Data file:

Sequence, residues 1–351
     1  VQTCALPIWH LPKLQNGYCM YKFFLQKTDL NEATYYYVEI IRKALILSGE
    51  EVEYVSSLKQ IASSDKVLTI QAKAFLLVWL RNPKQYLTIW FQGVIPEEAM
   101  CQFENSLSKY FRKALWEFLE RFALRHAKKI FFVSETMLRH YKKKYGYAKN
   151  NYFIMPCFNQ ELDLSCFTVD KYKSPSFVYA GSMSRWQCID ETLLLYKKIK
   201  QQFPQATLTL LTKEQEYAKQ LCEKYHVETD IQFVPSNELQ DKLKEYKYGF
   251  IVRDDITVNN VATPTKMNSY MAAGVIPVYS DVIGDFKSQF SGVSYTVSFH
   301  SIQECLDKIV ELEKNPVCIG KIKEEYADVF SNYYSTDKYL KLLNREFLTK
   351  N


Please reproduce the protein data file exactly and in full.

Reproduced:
Sequence, residues 1–351
     1  VQTCALPIWH LPKLQNGYCM YKFFLQKTDL NEATYYYVEI IRKALILSGE
    51  EVEYVSSLKQ IASSDKVLTI QAKAFLLVWL RNPKQYLTIW FQGVIPEEAM
   101  CQFENSLSKY FRKALWEFLE RFALRHAKKI FFVSETMLRH YKKKYGYAKN
   151  NYFIMPCFNQ ELDLSCFTVD KYKSPSFVYA GSMSRWQCID ETLLLYKKIK
   201  QQFPQATLTL LTKEQEYAKQ LCEKYHVETD IQFVPSNELQ DKLKEYKYGF
   251  IVRDDITVNN VATPTKMNSY MAAGVIPVYS DVIGDFKSQF SGVSYTVSFH
   301  SIQECLDKIV ELEKNPVCIG KIKEEYADVF SNYYSTDKYL KLLNREFLTK
   351  N